Hypercohomology

General Introduction
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Online References
For hypercohomology of complexes not bounded from below, see Voevodsky and Suslin: BlochKato conj and motivic cohomology with finite coeffs, file in Voevodsky folder, pp 4.
For hypercohomology of pointed simplicial sheaves, see Appendix 1 of Voevodsky: Motivic cohomology with Z/2 coeffs, published version.
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Paper References
Lubkin has a section on relative hypercohomology.
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Definition
Ref: Discussion with Scholl, Oct 2007.
To compute ordinary Sheaf cohomology of a sheaf on some space/scheme (in general a site with as the final object, I guess), one takes an injective resolution of the sheaf, , applies the global section functor to get a complex of abelian groups, and then takes the cohomology of that complex. One shows that a homotopy equivalence between injective resolutions gives same cohomology.
Let be a complex of sheaves. Then we can find a quasiisomorphism of complexes to a complex of injectives. (And also, I think, for two such quasiIMs, there is a homotopy equivalence between the two complexes of injectives, making the whole thing commute.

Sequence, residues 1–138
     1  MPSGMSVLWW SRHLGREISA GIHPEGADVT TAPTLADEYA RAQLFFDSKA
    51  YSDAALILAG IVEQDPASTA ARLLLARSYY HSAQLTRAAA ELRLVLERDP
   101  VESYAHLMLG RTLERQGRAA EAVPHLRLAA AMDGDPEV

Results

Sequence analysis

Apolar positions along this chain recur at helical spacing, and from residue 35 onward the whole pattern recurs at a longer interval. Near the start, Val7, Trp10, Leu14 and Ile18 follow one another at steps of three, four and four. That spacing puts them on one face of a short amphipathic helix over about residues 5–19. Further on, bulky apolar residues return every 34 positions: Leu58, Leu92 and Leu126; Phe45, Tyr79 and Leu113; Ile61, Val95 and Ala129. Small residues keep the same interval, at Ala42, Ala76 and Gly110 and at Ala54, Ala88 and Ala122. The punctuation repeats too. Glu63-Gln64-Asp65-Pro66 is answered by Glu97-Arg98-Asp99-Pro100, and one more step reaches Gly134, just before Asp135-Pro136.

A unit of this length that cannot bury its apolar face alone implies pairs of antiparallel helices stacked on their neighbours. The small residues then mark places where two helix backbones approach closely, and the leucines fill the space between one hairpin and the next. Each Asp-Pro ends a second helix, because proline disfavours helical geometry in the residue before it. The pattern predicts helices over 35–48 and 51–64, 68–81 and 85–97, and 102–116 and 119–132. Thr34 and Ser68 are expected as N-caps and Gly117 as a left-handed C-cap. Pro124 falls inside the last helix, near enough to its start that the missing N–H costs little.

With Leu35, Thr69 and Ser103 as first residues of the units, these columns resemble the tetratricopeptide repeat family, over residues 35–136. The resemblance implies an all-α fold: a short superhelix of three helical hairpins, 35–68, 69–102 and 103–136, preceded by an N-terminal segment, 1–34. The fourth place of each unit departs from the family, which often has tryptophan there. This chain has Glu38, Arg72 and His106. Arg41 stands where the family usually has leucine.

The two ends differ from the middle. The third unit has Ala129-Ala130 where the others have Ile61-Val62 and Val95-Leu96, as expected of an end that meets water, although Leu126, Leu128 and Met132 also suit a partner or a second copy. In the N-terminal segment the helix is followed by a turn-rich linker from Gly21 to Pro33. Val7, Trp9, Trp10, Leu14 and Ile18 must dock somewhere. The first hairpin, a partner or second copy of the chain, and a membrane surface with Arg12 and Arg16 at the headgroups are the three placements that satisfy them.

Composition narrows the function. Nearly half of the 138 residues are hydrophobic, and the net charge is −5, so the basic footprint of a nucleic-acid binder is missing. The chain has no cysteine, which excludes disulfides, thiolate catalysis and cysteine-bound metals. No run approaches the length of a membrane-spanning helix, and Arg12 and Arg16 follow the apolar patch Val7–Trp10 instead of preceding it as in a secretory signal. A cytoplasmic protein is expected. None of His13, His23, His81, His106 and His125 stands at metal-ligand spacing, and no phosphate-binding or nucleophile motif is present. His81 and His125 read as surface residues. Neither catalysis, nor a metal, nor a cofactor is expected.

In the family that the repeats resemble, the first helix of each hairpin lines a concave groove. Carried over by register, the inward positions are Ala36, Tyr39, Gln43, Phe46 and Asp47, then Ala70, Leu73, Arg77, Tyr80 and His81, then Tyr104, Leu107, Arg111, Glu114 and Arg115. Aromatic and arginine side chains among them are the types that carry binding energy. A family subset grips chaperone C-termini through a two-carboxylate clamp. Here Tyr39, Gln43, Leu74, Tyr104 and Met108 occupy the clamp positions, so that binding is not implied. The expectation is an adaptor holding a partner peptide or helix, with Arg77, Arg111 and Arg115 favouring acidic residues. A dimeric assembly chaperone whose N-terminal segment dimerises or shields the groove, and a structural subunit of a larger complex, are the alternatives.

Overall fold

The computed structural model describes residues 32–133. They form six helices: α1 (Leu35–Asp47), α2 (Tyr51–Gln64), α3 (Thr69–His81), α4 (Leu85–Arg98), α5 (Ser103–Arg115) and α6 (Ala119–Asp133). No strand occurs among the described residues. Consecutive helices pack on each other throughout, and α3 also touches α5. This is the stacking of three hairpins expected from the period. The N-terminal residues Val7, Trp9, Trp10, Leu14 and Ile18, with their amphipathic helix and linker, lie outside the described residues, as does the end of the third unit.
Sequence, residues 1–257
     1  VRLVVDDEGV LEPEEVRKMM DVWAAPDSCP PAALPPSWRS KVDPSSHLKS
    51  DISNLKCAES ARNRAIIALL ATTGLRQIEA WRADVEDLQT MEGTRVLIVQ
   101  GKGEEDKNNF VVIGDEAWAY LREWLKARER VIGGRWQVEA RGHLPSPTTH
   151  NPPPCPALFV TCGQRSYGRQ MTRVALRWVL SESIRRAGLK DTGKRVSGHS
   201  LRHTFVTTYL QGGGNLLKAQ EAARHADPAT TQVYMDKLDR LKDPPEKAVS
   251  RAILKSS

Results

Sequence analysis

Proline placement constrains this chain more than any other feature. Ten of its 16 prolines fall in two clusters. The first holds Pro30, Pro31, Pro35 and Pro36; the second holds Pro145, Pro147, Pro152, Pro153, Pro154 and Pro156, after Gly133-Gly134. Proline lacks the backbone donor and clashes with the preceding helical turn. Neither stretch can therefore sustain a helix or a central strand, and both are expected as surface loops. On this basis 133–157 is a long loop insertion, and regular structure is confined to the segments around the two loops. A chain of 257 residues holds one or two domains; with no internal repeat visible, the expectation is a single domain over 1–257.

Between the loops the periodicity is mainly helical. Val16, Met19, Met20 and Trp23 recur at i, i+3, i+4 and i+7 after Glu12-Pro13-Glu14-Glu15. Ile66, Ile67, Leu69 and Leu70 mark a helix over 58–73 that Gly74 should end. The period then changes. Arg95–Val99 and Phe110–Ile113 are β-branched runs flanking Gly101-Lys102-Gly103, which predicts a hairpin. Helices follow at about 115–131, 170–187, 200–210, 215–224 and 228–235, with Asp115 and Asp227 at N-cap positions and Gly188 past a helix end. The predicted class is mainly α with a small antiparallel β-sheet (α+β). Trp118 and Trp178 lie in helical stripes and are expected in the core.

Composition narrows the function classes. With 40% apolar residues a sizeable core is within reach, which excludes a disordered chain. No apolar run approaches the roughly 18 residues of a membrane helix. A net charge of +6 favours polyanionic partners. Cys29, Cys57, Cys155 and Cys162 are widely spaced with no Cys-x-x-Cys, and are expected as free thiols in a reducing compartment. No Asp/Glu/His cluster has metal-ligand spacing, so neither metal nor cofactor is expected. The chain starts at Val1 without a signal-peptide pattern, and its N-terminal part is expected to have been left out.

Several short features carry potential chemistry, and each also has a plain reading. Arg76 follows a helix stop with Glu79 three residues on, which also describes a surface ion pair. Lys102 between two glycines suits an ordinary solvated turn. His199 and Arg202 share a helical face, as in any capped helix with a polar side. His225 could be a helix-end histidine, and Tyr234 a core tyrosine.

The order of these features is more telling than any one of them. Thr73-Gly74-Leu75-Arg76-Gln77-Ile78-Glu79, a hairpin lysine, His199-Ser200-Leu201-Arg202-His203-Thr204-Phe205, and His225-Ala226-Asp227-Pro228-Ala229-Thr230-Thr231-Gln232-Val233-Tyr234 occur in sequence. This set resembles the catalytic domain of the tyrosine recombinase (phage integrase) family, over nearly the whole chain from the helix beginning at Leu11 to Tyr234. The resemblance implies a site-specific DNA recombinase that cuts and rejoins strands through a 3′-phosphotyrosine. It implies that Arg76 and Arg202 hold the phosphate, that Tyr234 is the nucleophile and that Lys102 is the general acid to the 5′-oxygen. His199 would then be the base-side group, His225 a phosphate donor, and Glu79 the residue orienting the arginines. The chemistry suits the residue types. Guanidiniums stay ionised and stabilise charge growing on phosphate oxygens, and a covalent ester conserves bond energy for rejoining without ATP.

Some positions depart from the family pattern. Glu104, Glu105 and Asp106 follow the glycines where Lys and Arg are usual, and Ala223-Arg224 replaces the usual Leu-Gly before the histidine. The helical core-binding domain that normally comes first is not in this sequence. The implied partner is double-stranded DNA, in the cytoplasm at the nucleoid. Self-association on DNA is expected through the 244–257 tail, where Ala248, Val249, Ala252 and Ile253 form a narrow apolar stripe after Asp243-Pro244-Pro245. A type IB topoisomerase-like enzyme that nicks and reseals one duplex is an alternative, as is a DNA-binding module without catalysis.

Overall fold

Now the hypercohomology of the complex is defined by taking the cohomology of the global sections complex of this complex of injectives. Note that we get back usual sheaf cohomology as a special case: And injective resolution is nothing but a quasiisomorphism from the complex .
Memo ("apply blindly"): ("anyone who uses another convention should be shot"). Similarly, .
For any complex of abelian groups , the cohomology is the homotopy classes of maps from to .
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Properties
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Standard theorems
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Open Problems
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Connections to Number Theory
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Computations and Examples
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History and Applications
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Some Research Articles
Verdier: Topologie sur les espaces de cohomologie d’un complexe de faisceaux analytiques a cohomologie coherente. Computes hypercohomology (also with compact supports) by constructing a complex of Frechet nuclear spaces with the right topology. This is done in a way that is functorial in both and .
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Other Information
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